A seismic shift

Glass Times editor Nathan Bushell says we are witnessing a cultural change in how we conduct business.

Not long after writing my comment last week, I came across this tweet. Chris Herd is founder and CEO of Firstbase, a US business that provides the infrastructure for remote working.

I’m going to summarise what he said here because while his is an American company, and he makes his money from remote-working customers (expect some bias) a lot of what he said is very relatable.

After speaking to 2,000+ companies over the last 12 months about their plans for remote work, he discovered that companies intend to cut their commercial office space by 50%-70%. They will allow every worker to work from home two to four days a week, and come into the office one to two days a week.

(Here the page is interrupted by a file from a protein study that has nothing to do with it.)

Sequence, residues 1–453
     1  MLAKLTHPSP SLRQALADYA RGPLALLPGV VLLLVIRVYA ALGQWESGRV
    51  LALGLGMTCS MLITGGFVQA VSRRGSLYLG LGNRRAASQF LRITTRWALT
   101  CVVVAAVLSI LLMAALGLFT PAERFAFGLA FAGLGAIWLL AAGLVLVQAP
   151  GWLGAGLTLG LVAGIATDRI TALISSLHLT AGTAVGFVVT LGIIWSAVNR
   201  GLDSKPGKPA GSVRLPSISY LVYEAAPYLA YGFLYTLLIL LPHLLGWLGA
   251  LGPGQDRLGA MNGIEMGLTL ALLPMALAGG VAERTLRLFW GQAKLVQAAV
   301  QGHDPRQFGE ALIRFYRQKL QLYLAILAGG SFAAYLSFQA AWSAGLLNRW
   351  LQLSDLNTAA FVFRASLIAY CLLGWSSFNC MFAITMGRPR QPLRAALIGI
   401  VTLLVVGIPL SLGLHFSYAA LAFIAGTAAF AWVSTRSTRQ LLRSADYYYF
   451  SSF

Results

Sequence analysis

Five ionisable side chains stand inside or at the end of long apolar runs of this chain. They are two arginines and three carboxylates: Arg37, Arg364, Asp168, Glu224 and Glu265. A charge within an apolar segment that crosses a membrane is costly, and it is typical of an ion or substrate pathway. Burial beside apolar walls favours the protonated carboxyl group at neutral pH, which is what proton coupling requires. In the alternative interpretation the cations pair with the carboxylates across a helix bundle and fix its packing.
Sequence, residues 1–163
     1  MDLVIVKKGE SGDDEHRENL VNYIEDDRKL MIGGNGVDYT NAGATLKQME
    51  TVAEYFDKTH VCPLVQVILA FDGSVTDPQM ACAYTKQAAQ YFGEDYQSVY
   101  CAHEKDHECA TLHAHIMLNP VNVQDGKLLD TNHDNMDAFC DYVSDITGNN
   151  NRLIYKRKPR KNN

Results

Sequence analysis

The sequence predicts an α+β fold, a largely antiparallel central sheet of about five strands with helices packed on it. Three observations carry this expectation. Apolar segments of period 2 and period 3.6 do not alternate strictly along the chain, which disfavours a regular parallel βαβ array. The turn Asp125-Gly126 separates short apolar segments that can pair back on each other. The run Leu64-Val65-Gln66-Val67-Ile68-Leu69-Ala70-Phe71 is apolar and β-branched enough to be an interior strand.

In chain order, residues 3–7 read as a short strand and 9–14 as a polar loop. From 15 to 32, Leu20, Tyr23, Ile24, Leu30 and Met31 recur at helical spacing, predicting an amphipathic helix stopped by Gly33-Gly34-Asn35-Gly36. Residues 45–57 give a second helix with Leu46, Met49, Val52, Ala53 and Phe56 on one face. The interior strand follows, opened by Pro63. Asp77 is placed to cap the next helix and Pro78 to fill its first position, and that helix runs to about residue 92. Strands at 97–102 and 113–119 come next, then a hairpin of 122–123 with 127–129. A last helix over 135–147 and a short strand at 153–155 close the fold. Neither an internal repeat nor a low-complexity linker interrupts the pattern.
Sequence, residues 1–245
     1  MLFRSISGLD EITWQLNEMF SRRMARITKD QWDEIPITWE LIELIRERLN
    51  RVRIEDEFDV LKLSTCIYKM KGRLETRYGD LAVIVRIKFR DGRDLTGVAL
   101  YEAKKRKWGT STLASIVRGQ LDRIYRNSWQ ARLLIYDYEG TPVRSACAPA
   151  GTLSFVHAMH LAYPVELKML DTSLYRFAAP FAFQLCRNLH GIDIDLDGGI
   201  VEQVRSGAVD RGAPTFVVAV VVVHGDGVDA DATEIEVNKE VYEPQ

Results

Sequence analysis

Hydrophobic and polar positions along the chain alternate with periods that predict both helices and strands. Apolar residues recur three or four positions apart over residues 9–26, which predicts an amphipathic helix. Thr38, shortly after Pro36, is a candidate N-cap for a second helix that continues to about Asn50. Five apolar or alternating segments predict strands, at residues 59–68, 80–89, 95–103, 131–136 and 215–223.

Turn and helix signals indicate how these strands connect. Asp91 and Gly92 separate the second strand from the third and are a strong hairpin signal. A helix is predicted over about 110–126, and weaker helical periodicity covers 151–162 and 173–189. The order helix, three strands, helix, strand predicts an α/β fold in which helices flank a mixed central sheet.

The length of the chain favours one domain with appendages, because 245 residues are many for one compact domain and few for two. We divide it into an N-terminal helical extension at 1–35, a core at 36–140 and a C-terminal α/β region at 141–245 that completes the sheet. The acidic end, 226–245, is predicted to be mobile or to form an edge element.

About 30% of the companies he talked to are getting rid of the office entirely and going remote-first. Primarily, this lets them hire more talented people, because rather than hiring the best person in a 30-mile radius of the office, they can hire the best person in the world for every role.

And rather than spending $20,000/worker/year on office space they can provide the “best remote setup on the planet” for $2,000/worker/year.

Chris is certainly evangelical about remote working, and while I don’t think the future of business is as extreme as he predicts, I do think that thanks to the pandemic we have set off down a path that we cannot return from.

In a later tweet, Chris Herd said: “Every company will have a ‘head of remote’ within three years.” So, if your business is selling, your sales team need to know how to use the online environment to their advantage.

And it is why Chris Brunsdon’s online course last week was timely, both in terms of content and style.

Do you think I am right? Or am I grossly misguided? Let me know. You can email me or find me on Twitter and LinkedIn.